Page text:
We’ll define three different model definitions to try to predict turbine capacity—a linear model, a spline model (with hyperparameters to tune), and a support vector machine model (again, with hyperparameters to tune).

Starting out with linear regression:

# create a linear model definition
lin_reg_spec <-
  linear_reg() %>%
  set_engine("lm")

# add it to a workflow
lin_reg_wflow <- 
  wind_wflow %>% 
  add_model(lin_reg_spec)

# fit to the 5-fold cv
set.seed(1)
lin_reg_res <- 
  fit_resamples(
    lin_reg_wflow,
    resamples = folds,
    metrics = metric,
    control = ctrl_res
  )

Since this model definition only defines one model (i.e. doesn’t have any hyperparameters to tune), we use fit_resamples() rather than tune_grid().

Now, moving on to the spline model definition:

# modify the recipe and use the same linear reg spec
spline_rec <- 
  wind_rec %>%
  step_ns(rotor_diameter_m, deg_free = tune::tune("length"))

# add it to a workflow
spline_wflow <- 
  workflow() %>% 
  add_recipe(spline_rec) %>% 
  add_model(lin_reg_spec)

# tune deg_free and fit to the 5-fold cv
set.seed(1)
spline_res <- 
  tune_grid(
    spline_wflow,
    resamples = folds,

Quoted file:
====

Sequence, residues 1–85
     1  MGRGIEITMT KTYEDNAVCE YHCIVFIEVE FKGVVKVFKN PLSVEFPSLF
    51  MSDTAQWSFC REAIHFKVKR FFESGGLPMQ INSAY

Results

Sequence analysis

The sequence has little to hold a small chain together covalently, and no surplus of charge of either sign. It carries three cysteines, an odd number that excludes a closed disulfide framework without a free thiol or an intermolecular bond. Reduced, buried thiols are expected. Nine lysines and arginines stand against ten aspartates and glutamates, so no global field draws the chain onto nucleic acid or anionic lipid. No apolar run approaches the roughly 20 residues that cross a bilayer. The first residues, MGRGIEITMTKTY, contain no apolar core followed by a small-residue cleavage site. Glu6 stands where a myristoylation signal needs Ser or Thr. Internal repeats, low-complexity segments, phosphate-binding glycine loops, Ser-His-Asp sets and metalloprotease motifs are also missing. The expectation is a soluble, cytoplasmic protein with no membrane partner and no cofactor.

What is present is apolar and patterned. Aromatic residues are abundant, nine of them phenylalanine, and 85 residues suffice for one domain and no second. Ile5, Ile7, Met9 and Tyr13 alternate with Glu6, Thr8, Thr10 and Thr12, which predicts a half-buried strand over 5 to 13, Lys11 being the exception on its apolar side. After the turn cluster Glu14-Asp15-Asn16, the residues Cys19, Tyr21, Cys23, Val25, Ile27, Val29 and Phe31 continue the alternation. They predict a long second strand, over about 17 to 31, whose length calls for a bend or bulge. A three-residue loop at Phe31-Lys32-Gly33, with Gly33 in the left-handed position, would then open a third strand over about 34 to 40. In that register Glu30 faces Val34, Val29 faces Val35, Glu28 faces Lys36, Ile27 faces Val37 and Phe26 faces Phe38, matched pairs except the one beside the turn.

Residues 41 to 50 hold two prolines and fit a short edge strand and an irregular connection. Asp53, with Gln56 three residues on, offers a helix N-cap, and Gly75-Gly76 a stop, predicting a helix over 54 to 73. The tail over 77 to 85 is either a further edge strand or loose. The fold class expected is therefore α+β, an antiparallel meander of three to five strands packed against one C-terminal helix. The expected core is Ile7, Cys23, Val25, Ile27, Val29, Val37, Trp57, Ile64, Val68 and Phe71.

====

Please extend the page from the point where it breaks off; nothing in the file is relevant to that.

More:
metrics = metric,
    control = ctrl_grid
  )

Finally, putting together the model definition for the support vector machine:

# define a model using parsnip
svm_spec <- 
  svm_rbf(
    cost = tune(), 
    rbf_sigma = tune()
  ) %>%
  set_engine("kernlab") %>%
  set_mode("regression")

# add it to a workflow
svm_wflow <- 
  wind_wflow %>% 
  add_model(svm_spec)

# tune cost and rbf_sigma and fit to the 5-fold cv
set.seed(1)
svm_res <- 
  tune_grid(
    svm_wflow, 
    resamples = folds, 
    grid = 5,
    control = ctrl_grid
  )

With these three model definitions fully specified, we’re ready to start putting together an ensemble! In most applied settings, you’d probably specify a few more models—Max specified over 300 in a talk a few weeks ago on this package—but this will do for demonstration purposes!